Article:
In the Sunday New York Times Magazine, "The Ethicist" fielded a query from a grad student who wondered about the practice of offering undergraduates extra credit to attend a conference hosted by their department. At the conference, "high-level" talks were presented; talks that most of the undergrads would be unlikely to understand.
The grad student thought that the undergrads were being exploited, as the main purpose of offering them extra credit was to increase the number of people in the audience, thereby perhaps convincing the university to increase funding for the conference in future years.
The grad student disapproved of this practice, and The Ethicist agreed, stating "You might as well fill the audience with potted plants."
Like many of you, I have given many talks attended by undergraduate students (and others) who did not have the necessary background to understand everything I presented. In some cases, these students were there by choice, and in some cases they were there for extra credit. Most typically, students lured by credit (extra or not) are undergrads, but I have also given lectures to audiences that consisted in part high school students who were required by their teacher to attend a Science Talk given by a Real Scientist.
Were these students potted plants? Perhaps some were, but many were not. The fact that at least some students are paying attention and trying to understand as much as they can is particularly obvious in settings in which questions are encouraged, even from non-experts. For students not comfortable asking a public question, there may also be opportunities for questions and other interaction after the talk. These can be very interesting discussions.
And even for those students who are unable to understand much of the content of a talk, there may be some value in attending a talk or a conference. In these settings, students get to see other academics in action, get a sense for the content and style of presentations, and observe how researchers interact with each other.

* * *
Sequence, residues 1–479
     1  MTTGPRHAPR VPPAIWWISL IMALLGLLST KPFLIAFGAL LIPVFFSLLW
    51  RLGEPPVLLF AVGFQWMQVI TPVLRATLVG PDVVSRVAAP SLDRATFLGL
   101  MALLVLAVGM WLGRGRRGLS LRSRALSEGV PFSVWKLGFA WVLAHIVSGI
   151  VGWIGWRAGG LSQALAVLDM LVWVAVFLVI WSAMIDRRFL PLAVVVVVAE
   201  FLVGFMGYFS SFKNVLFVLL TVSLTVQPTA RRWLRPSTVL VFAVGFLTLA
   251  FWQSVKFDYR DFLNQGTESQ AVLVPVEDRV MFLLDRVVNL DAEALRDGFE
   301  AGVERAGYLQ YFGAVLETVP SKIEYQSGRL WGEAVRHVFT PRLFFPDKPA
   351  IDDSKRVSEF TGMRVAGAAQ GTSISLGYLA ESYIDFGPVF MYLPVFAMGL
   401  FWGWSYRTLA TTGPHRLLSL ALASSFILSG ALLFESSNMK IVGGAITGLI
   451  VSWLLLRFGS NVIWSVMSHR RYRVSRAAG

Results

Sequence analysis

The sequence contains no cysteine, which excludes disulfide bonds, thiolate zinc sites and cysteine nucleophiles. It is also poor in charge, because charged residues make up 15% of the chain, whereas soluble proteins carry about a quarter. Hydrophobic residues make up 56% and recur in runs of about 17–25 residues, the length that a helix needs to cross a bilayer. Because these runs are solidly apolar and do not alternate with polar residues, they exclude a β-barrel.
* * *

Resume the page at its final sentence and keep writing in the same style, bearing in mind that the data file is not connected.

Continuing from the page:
I encourage undergraduates who do research with me to attend conferences, including national conferences in our field. These students attend talks, many of which they don't understand, but they report being intrigued by the whole conference/cultural experience. I have also found that undergrads are quite adventurous about which talks they attend, sampling talks on topics that represent a wide range of sub-fields, to see what's going on, what's hot, who is interesting, who is not. Some of it is boring and much of it is puzzling, but it's also kind of fascinating.
I therefore disagree with the conclusion that undergrads who have insufficient background to understand high-level academic talks are passive potted plants, as many probably are getting something out of attending a talk or conference in their general field of interest.
Even so, to avoid the possibility of potted plant syndrome among extra credit-seeking undergrads being exploited by funding-hungry conference organizers, perhaps the experience could be enhanced somehow. Perhaps the students could be prepared in advance for some of the talk topics. Perhaps the students could meet some of the speakers after the talks for additional questions in a less formal, more undergrad-friendly environment. Perhaps speakers could be encouraged to spend the first couple minutes of each talk giving background information at a more basic level than they otherwise might. Perhaps everyone would find that more interesting.
I think the attending of talks and conferences by interested undergrads should be encouraged. I don't tend to give extra credit in my classes other than a 1-2 point fun/strange question at the end of exams, but, as long as extra credit isn't a significant portion of the grade, I don't have any problem with there being some sort of credit given for an academic experience that might well be enriching.
10 years ago